The Color Purple tells the dynamically evolving story of African-American Celie in the Southern US during the 1930s. It reflects on her position in society as a young, poor, African-American woman, leaving no controversial topic unturned. Domestic violence, sexual assault, queerness, religion, colonialism, women’s rights, society’s expectations and family dynamics all play a role. A raw, emotional read that doesn’t shy away from brutal honesty and explicit content, but also reflects the strength and growth of its characters, which is overwhelmingly inspiring. I was left feeling angry about the little regard society had -and has- for Black women and infuriated with the devastating difficulties Celie had to overcome. The last page made me shiver.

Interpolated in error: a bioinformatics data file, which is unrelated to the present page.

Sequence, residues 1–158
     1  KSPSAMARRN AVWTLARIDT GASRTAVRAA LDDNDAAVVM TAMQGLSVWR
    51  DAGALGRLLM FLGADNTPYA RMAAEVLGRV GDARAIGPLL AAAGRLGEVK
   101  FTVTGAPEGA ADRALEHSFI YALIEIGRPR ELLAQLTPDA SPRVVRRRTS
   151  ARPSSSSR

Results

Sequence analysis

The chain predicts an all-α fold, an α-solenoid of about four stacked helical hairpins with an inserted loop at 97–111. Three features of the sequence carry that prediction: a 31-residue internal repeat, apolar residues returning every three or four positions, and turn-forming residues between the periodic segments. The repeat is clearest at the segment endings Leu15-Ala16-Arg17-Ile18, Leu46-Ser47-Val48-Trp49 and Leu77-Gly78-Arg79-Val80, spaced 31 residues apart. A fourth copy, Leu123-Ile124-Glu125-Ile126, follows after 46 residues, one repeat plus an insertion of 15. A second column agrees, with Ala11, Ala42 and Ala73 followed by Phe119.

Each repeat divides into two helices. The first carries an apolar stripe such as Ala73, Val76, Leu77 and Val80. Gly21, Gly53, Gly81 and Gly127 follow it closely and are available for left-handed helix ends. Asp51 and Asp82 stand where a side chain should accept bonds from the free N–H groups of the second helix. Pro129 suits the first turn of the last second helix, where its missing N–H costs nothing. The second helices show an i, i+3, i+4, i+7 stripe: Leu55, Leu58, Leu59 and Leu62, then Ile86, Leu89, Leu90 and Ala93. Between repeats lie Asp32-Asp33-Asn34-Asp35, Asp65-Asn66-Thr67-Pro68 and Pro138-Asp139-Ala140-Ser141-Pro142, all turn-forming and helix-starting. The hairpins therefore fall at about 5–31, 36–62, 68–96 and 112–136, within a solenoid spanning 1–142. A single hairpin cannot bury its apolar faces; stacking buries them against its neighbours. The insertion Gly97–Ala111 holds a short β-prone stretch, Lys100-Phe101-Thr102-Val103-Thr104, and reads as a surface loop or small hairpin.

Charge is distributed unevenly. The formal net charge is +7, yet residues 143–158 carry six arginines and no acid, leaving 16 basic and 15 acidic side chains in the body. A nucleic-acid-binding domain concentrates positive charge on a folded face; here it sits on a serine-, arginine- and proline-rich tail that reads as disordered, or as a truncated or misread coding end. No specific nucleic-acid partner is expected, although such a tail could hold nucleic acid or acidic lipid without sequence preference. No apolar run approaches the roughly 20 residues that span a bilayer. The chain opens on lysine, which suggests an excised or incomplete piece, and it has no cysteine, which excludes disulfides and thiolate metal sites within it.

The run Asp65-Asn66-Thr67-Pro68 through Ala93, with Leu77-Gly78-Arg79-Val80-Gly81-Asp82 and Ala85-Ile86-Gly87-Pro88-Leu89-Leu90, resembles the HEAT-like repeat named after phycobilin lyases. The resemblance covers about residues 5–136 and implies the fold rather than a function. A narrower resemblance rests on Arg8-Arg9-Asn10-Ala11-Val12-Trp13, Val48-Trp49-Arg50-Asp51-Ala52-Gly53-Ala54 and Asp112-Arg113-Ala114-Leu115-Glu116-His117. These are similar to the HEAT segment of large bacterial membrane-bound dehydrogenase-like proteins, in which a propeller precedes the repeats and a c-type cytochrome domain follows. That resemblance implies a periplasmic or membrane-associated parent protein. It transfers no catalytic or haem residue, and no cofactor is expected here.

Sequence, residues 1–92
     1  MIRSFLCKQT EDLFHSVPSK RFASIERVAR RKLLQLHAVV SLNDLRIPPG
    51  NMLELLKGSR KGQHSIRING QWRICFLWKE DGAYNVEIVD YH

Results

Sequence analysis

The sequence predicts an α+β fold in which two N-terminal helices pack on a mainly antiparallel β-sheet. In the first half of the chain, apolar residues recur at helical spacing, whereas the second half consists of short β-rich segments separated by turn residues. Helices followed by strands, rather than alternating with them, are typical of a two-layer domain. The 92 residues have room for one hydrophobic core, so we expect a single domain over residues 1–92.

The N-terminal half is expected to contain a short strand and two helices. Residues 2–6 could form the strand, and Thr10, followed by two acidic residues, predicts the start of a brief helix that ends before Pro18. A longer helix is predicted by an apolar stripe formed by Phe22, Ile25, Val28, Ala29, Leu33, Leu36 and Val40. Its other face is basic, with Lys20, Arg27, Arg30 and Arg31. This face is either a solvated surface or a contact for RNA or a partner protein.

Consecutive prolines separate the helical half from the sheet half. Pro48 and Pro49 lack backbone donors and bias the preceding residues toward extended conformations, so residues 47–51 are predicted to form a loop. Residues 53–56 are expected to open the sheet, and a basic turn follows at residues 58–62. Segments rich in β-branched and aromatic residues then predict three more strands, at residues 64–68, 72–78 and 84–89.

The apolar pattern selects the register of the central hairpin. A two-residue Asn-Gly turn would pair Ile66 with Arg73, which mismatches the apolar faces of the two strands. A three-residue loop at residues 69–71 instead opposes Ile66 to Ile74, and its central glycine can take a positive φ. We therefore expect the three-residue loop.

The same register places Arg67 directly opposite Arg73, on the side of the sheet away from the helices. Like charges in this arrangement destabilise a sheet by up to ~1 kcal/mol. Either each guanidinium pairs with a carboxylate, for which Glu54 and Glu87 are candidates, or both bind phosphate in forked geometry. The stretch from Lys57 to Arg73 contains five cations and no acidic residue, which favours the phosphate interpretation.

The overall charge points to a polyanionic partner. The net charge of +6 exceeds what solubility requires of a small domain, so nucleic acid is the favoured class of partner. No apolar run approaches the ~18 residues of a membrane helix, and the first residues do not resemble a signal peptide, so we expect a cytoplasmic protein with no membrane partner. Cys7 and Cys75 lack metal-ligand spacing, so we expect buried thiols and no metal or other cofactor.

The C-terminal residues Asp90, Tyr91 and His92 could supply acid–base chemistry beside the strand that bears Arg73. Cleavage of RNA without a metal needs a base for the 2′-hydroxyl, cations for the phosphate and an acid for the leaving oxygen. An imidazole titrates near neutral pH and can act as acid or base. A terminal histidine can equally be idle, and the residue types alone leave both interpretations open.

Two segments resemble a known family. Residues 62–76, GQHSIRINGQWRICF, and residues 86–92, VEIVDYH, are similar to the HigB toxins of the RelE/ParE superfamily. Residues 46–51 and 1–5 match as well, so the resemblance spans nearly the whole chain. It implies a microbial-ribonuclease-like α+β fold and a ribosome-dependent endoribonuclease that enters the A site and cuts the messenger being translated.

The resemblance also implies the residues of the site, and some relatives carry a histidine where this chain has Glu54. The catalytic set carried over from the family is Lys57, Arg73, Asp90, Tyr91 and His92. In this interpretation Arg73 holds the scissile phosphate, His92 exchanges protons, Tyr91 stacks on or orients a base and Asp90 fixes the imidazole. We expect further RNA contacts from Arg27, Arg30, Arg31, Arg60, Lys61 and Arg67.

Wednesday – When They Call You a Terrorist: A Black Lives Matter Memoir // Patrisse Khan-Cullors, asha bandele

Not only is this book about founding Black Lives Matter and the challenges of activism, it is about everything that led to it. Constant police presence and brutality during childhood, criminalisation, overt racism in school. The repeated and extreme mistreatment of Khan-Cullors’ disabled brother during his time in prison, explorations of queerness and religion. Her life story is effectively and emotionally blended with broader social critique. It becomes painstakingly obvious how deep racism runs in society, how it is embedded in institutions and how it is passed on to new generations. At times, it was hard to believe what I was reading as it seemed so absurd, yet at the same time I could picture it perfectly. It was infuriating. 

Thursday – Sag Harbor // Colson Whitehead